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The Infamous 'Erin Brockovich' Case over Polluted Groundwater in Hinkley


Erin Brockovich, famed environmental activist

A law clerk by the name of Erin Brockovich rose to fame over her efforts to uncover the reason why so many Hinkley residents were getting sick (and has since gone on to work on other significant environmental and toxic tort cases, often with Girardi | Keese). Her efforts were portrayed by Julia Roberts in the film Erin Brockovich.


As Ms. Brockovich brought to light evidence that Pacific Gas & Electric Co. used toxic "chromium 6" and that it appeared to have been absorbed into groundwater after illegal dumping, the lawyers of Girardi | Keese stepped in to assist Ms. Brockovich and her law firm. In 1996, we helped obtain a $333 million settlement for the residents of Hinkley (and later a second $300 million settlement for additional Hinkley residents with the same personal injury claims).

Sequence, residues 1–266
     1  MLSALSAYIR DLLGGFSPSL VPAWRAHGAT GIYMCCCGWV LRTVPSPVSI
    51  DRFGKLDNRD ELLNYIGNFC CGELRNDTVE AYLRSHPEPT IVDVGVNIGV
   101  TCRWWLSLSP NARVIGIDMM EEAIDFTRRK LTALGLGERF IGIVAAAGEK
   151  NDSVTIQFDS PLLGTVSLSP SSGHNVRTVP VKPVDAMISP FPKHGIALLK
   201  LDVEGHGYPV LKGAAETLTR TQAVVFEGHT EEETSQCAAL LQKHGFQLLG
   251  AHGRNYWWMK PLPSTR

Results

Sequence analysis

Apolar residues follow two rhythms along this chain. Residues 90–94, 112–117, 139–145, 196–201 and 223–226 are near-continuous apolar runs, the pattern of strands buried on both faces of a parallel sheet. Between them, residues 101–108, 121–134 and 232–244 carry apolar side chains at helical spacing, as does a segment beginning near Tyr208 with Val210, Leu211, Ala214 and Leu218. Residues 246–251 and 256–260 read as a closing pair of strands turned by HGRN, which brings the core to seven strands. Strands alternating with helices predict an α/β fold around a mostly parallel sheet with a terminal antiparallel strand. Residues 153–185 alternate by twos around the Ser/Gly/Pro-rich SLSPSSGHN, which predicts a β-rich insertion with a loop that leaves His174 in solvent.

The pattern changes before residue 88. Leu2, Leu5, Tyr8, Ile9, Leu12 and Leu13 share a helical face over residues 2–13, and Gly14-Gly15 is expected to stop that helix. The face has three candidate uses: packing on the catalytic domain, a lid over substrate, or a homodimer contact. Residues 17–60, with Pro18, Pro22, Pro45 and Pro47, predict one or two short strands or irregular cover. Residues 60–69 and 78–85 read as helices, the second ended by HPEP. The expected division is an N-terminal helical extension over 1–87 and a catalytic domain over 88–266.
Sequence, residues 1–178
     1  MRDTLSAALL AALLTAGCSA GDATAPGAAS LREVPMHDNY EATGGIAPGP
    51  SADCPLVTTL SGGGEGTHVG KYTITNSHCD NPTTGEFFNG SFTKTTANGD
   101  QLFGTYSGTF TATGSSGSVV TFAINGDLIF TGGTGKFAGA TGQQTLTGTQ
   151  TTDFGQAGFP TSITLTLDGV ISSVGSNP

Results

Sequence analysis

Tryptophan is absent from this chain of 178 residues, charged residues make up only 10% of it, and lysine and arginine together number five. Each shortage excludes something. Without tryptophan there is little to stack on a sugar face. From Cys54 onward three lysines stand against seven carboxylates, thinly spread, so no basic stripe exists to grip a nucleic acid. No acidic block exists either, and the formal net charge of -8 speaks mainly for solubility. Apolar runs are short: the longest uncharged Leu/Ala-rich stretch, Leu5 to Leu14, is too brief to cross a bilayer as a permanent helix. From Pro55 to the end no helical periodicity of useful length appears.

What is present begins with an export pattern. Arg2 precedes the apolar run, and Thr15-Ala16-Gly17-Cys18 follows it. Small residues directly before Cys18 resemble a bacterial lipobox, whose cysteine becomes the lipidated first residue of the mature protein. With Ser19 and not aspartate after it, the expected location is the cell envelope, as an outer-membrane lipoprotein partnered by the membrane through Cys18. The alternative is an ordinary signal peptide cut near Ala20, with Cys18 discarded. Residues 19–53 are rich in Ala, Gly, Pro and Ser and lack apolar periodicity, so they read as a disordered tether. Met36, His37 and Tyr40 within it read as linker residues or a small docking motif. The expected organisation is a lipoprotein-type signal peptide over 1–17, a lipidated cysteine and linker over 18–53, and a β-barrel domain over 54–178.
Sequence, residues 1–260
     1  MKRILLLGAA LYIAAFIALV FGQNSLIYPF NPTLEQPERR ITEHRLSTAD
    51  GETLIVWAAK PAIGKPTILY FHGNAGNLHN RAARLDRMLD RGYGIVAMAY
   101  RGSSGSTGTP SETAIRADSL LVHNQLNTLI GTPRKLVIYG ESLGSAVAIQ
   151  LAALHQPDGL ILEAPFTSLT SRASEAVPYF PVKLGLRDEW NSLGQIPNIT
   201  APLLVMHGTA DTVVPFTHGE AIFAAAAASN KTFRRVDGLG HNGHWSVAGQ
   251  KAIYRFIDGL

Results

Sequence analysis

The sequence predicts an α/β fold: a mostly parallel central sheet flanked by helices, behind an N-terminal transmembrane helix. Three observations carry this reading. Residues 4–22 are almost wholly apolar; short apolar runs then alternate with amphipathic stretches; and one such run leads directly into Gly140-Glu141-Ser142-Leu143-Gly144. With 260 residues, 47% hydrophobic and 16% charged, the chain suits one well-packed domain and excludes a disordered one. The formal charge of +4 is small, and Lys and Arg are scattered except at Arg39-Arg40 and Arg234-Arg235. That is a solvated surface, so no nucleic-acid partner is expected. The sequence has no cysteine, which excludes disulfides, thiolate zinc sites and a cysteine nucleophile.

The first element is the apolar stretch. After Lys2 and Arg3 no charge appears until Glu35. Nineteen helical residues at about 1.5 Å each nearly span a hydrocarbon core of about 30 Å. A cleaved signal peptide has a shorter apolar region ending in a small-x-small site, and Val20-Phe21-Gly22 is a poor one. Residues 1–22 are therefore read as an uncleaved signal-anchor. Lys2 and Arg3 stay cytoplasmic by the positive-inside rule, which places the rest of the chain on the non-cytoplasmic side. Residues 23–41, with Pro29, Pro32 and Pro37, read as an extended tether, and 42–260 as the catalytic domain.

Hexavalent chromium (a.k.a. chromium 6)

According to the Lahontan Water Board (which still has a page up about the eight-mile-long, two-mile-wide "chromium plume"), Pacific Gas & Electric Company used the anti-corrosive chemical chromium 6 between 1952 and 1966. PG&E dumped wastewater that contained chromium 6 into nearby ponds. This in turn got into Hinkley residents' groundwater.


The Occupational Safety and Health Administration says that "all hexavalent chromium compounds are considered carcinogenic" and can increase the risk of cancer. An EPA toxicological review that dates back to 1998 describes adverse reports of oral ulcers, diarrhea, abdominal pain, and leukocytosis (increased white blood cells signaling inflammation or infection), among other illness.


The 'ghost town' of Hinkley, Calif.

In the Erin Brockovich case, members of the Hinkley community were seriously sickened with diseases like cancer, and today Hinkley remains a "ghost town." A Los Angeles Times report paraphrases a Hinkley resident, who said, "Nearly two decades after the town settled with Pacific Gas & Electric Co. over contaminated groundwater, few residents remain."


The Erin Brockovich case shows why toxic torts law is vitally necessary to protecting people, protecting the environment, and holding companies accountable for pollution.

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